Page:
Can shareholders of a company apply to court to stop a company from paying exorbitant remuneration to directors and senior managers when the company is in fact losing money?

There are two different forms of directors’ remuneration. First, directors’ fees paid to a director in his capacity as a director, and second, salary or fees paid to a director who is also an employee of the company. The former form of remuneration is one which is paid to the director “in respect of his office” and is required to be approved by the company under Section 169(1) of the Companies Act (Cap. 50) Singapore (the “Act”). That is, it must be subject to the affirmative vote of shareholders of the company at a general meeting. In such instances, exorbitant remuneration in this form will need to be approved by a majority of the shareholders. We will refer to this form of remuneration as “Office Holder Fees”.

In contrast, it is the board of directors that decides what salary or fees are due to an employee, whether or not the employee is also a director or senior manager. The board of directors normally does not need specific approval from shareholders. We will refer to these payments as “Employment Benefits”.

Insofar as the company paying exorbitant Employment Benefits to directors and senior managers, the company’s directors should bear in mind their fiduciary duty to act in the best interests of the company. This includes a duty to act honestly and fairly and also not to place themselves in a conflict of interest. Where a company is in a dire financial position, the directors need to consider if they are contractually bound to pay the Employment Benefits or if they have a discretion as to the level of the benefits, or part of the benefits. In the event that control of the company subsequently falls out of the hands of the directors, a liquidator or judicial manager is likely to look closely at the payment of Employment Benefits during the period of financial difficulties.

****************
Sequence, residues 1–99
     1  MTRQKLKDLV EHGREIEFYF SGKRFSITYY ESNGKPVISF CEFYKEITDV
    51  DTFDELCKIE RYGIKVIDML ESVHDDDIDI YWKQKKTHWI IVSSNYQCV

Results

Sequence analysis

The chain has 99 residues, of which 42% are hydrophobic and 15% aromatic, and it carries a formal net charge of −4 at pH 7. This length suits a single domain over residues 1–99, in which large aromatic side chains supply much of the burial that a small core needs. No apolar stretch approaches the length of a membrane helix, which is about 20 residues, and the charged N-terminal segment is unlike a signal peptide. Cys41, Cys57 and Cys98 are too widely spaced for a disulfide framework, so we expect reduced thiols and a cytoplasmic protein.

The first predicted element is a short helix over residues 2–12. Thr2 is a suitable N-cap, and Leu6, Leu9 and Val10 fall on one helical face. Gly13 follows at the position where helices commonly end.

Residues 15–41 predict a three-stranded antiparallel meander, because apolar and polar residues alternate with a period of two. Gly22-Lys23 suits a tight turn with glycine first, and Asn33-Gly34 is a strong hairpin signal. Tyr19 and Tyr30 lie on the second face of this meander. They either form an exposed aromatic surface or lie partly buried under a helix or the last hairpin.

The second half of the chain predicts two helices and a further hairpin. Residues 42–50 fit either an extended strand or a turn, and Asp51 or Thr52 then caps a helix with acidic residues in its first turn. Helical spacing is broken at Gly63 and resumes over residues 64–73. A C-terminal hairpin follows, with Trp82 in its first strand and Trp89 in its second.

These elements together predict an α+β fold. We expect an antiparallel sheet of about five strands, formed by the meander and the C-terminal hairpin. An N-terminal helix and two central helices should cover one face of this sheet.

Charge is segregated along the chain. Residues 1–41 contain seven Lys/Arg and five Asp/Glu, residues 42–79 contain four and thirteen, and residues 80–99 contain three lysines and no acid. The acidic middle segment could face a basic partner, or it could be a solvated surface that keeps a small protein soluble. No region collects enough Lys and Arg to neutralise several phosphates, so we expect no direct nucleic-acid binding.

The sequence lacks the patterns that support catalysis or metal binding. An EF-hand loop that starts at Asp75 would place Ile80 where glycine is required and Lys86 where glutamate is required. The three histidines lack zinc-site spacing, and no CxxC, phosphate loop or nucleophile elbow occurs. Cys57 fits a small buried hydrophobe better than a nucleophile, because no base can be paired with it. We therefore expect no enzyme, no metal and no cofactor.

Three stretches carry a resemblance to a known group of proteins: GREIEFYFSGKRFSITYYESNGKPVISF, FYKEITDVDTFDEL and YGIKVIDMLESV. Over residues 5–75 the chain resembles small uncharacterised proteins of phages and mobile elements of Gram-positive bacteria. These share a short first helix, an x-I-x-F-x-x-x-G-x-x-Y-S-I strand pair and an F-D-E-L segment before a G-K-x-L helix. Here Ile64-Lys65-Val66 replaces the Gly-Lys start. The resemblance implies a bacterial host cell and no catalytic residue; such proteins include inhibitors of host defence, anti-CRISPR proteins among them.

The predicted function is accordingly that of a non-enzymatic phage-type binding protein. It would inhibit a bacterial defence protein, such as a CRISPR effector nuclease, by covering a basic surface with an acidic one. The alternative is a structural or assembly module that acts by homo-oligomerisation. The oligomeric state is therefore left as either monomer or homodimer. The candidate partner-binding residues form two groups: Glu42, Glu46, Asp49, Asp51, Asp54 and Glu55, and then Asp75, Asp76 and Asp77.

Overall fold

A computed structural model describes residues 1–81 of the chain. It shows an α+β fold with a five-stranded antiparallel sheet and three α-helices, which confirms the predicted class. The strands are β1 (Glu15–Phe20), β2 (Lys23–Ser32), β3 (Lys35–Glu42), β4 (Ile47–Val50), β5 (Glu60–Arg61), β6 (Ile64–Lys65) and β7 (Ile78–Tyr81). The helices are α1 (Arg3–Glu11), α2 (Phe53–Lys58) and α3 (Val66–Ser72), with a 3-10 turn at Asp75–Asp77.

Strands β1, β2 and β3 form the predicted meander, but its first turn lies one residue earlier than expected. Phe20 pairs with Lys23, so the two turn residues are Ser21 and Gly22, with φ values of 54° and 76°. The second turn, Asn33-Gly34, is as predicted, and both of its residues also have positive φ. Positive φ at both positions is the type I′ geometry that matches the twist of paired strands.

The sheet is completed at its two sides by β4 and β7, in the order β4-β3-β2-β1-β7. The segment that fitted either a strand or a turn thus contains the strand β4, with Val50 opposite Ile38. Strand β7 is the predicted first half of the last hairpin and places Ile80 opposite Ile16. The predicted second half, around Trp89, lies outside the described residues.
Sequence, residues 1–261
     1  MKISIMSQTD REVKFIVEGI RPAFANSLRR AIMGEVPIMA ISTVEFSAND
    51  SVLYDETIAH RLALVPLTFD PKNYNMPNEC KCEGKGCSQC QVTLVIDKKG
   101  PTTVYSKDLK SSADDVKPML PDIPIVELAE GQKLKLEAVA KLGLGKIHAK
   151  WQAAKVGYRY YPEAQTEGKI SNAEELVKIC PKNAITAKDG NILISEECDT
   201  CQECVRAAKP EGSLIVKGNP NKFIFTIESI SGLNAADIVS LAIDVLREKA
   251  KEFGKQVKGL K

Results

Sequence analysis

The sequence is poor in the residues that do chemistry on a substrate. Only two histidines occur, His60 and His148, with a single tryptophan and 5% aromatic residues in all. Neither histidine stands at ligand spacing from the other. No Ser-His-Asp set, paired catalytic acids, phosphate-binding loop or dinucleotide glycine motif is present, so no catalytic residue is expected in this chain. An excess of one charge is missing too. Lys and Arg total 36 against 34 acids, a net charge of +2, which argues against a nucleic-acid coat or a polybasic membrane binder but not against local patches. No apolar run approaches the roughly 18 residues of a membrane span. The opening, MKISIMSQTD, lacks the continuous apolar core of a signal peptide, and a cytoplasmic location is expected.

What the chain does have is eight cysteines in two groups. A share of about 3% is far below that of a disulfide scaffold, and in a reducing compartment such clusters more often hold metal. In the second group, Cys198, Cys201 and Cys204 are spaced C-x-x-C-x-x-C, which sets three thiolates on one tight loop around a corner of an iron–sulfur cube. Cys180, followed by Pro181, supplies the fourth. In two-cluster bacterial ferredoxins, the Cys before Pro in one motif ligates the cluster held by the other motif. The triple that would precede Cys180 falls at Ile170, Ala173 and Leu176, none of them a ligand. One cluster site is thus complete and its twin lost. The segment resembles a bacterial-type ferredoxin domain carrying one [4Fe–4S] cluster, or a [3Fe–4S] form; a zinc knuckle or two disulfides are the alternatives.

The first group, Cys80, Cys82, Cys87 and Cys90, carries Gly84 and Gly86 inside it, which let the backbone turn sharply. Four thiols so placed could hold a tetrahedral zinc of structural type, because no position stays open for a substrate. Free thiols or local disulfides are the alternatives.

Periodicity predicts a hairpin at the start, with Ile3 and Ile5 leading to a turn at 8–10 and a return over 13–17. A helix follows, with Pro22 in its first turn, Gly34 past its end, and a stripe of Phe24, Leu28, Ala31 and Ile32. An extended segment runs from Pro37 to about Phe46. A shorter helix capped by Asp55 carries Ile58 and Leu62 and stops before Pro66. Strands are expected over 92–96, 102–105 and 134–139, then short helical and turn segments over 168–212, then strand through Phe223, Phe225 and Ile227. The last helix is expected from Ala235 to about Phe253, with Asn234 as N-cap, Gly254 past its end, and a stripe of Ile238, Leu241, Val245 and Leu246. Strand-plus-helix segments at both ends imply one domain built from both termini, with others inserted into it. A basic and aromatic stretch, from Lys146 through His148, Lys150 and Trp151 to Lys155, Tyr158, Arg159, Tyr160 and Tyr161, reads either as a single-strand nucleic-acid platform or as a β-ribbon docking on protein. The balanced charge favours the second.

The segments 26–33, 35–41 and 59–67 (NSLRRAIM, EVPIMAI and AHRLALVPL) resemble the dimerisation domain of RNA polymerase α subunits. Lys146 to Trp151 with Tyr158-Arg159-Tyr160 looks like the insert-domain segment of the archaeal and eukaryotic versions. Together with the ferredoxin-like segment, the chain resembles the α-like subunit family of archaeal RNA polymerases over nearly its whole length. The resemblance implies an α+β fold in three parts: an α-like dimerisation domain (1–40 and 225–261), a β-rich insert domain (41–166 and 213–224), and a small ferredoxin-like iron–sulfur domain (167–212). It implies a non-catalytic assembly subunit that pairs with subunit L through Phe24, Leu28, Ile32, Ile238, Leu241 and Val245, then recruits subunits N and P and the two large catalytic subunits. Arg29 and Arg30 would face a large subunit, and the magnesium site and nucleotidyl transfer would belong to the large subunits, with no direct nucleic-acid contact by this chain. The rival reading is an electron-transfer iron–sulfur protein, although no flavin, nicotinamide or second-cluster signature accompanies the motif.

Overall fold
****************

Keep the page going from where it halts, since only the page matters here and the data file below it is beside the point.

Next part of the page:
Shareholders of a private company may consider seeking leave from the High Court to bring an action in the name and on behalf of the company against the directors to restrain or recover the payment of unjustifiable Employment Benefits. This is rare as the cost of such applications for leave have, in different contexts of breaches of fiduciary duties, proven to be high and unaffordable for the average shareholder.

Turning to Office Holder Fees, where the directors form the majority of the shareholders or where the majority of the shareholders have appointed the directors, the minority shareholders may feel aggrieved by the passing of a resolution approving the payment of the fees. The minority shareholders have the option of seeking relief for minority oppression but this is not without challenges. The payment needs to be shown to be oppressive to the shareholders or in disregard of their interests as shareholders and this is challenging where the payment impacts all shareholders equally. There are also practical challenges for a small shareholder as the expense of such proceedings against the majority shareholders can be prohibitive.